Month: January 2011

Minority status and the use of CMC A test of the Social Diversification hypothesis

Taking advantage of Israel’s multi-ethnic society, divided along ethnic and immigrant lines, I tested the diversification hypothesis with a large sample of Internet users that resemble the country’s population of Internet users. According to the diversification hypothesis, in socially segregated societies disadvantaged groups have deficits in social capital, particularly bridging social capital. Their use of channels of online communication will be motivated by an attempt to compensate for their disadvantage, and will direct the use of IT to expand their occupational and business ties. From this argument two hypothesis were derived. First, minority and immigrants will be more likely to choose the use of the IT best suited to this task. The findings of the study mostly support this hypothesis. Controlling for socio-demographic and minority status, it was found that people who are motivated to use the Internet to expand business and professional contacts are more likely to use Chat rooms and weblogs. At the same time those motivated to use the Internet to maintain ties with families and friends are more likely to use social networking sites. This finding indicates that each IT application is perceived by users to be suited to a different task.As for the specific hypothesis that minorities and immigrants will be more likely than Israeli Jews to use chat rooms and weblogs to expand their social ties, the results  are mixed. Regarding chat rooms, there is only support for immigrants being more likely than Arab Israelis to use chat rooms. Regarding weblogs, the latter proved more likely to use them than immigrants and Israeli Jews. The three groups did not differ from their use of social networking sites.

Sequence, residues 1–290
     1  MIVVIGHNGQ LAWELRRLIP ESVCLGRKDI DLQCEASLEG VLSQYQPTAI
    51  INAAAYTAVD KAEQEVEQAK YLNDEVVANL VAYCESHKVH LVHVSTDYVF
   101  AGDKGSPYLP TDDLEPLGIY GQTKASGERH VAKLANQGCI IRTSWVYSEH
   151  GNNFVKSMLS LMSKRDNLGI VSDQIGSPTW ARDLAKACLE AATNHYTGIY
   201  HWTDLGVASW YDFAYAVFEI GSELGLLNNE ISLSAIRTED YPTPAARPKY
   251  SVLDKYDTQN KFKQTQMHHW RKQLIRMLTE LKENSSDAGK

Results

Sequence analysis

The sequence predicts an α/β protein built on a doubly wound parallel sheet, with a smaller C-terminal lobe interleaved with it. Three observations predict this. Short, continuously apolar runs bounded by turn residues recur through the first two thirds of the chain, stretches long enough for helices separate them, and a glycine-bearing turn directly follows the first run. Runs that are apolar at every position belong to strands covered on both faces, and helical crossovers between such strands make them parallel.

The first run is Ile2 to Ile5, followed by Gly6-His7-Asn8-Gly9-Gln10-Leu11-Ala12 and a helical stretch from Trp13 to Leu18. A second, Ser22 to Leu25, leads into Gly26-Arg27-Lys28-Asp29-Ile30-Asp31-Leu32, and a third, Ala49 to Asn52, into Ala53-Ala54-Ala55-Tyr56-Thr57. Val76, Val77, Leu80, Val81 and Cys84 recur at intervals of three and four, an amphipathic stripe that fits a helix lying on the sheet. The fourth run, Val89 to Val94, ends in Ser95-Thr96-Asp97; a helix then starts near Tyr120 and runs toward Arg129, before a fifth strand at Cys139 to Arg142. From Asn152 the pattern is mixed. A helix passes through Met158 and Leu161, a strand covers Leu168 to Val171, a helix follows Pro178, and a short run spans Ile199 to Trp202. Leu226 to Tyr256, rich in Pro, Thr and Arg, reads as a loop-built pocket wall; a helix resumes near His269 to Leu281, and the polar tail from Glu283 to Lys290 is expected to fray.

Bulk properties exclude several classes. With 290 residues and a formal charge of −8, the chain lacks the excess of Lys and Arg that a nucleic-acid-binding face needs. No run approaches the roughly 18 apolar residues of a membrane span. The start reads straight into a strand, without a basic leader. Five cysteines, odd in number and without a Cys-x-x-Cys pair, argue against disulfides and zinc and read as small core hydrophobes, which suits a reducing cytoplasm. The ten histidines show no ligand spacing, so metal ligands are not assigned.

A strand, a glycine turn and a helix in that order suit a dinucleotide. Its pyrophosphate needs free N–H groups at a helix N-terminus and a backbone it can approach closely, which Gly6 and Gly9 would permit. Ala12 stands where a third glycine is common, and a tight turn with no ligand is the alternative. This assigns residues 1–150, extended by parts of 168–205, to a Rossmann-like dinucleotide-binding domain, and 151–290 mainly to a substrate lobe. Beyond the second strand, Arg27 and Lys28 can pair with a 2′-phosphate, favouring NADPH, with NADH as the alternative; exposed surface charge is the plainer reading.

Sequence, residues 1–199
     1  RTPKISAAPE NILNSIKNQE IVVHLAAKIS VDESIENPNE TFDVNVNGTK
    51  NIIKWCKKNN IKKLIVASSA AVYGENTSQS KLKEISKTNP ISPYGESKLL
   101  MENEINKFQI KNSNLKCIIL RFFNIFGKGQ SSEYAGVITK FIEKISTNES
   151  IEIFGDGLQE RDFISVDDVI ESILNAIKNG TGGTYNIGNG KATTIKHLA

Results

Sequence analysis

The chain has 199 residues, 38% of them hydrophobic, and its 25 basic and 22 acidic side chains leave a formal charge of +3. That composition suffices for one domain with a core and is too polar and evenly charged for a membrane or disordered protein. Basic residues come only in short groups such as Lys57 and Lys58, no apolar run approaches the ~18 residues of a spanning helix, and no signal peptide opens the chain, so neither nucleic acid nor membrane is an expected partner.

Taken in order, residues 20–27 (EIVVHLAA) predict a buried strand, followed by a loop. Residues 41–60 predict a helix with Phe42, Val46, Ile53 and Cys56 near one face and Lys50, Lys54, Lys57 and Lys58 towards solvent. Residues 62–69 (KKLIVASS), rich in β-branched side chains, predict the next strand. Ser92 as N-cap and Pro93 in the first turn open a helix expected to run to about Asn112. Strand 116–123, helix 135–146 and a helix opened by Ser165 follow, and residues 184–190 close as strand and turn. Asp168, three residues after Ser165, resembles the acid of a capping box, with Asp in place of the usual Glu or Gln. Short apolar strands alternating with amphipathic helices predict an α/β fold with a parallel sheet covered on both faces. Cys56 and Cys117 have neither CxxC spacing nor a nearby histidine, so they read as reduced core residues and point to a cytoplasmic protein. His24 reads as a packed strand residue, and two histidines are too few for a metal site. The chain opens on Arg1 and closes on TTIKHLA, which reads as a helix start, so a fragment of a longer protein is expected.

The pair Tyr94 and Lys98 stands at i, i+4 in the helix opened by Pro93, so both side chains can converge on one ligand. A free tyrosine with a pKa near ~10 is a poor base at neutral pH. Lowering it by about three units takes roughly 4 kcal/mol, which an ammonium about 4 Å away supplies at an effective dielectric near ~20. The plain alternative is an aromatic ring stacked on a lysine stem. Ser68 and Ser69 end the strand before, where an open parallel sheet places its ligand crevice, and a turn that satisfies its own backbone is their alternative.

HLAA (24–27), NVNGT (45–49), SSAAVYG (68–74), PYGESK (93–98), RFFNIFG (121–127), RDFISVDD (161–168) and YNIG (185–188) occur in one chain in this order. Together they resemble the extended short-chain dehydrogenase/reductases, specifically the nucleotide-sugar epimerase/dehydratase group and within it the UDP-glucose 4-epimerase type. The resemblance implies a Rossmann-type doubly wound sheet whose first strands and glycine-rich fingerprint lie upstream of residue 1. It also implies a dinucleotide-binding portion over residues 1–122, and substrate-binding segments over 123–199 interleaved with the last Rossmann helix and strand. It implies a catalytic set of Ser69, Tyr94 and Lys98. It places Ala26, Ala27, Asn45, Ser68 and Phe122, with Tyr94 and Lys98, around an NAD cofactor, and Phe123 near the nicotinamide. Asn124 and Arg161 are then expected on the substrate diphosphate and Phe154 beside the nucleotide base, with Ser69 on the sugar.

Second, a more direct test of the diversification hypothesis was conducted. The hypothesis that Arab Israelis and Immigrants have different motivations for the use of IT was tested by means of OLS regression multivariate analysis. The findings here indicated that the main difference was between Israeli Jews and Immigrants on the one hand and Arab Israelis on the other. Immigrants and Israeli Jews proved more likely than Arab Israelis to use IT for maintaining family ties and to sustaining ties with existing friends. At the same time Arab Israelis were shown as more likely to use IT to make new contacts and to expand their business contacts.

Taking the results together the strongest support of the diversification hypothesis seems to apply to the Arab Israeli population than to the immigrants. This difference might be explained through the differences existing between the two groups in society. As shown in the descriptive analysis, the Arab population of Israel is more disadvantaged in human capital than the immigrant population. Furthermore, the Arab population, perceived as part of the Arab world with which Israel is in a constant state of war, faces more discrimination than the new immigrants. This difference in social standing might be reflected in the more consistent pattern of motivations and usage by the Arab population than by the immigrant groups.